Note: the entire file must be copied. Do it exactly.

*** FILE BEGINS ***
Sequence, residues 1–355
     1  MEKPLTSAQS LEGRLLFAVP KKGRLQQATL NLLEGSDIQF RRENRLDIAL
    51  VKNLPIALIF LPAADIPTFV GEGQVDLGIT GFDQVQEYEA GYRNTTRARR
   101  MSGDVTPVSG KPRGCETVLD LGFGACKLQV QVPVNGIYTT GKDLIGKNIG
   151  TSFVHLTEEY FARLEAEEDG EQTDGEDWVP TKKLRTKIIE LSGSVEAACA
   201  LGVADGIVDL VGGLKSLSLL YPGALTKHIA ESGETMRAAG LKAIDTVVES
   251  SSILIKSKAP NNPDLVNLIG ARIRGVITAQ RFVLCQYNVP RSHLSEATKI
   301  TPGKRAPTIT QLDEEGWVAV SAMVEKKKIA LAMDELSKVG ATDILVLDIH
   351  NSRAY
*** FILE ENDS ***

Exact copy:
Sequence, residues 1–355
     1  MEKPLTSAQS LEGRLLFAVP KKGRLQQATL NLLEGSDIQF RRENRLDIAL
    51  VKNLPIALIF LPAADIPTFV GEGQVDLGIT GFDQVQEYEA GYRNTTRARR
   101  MSGDVTPVSG KPRGCETVLD LGFGACKLQV QVPVNGIYTT GKDLIGKNIG
   151  TSFVHLTEEY FARLEAEEDG EQTDGEDWVP TKKLRTKIIE LSGSVEAACA
   201  LGVADGIVDL VGGLKSLSLL YPGALTKHIA ESGETMRAAG LKAIDTVVES
   251  SSILIKSKAP NNPDLVNLIG ARIRGVITAQ RFVLCQYNVP RSHLSEATKI
   301  TPGKRAPTIT QLDEEGWVAV SAMVEKKKIA LAMDELSKVG ATDILVLDIH
   351  NSRAY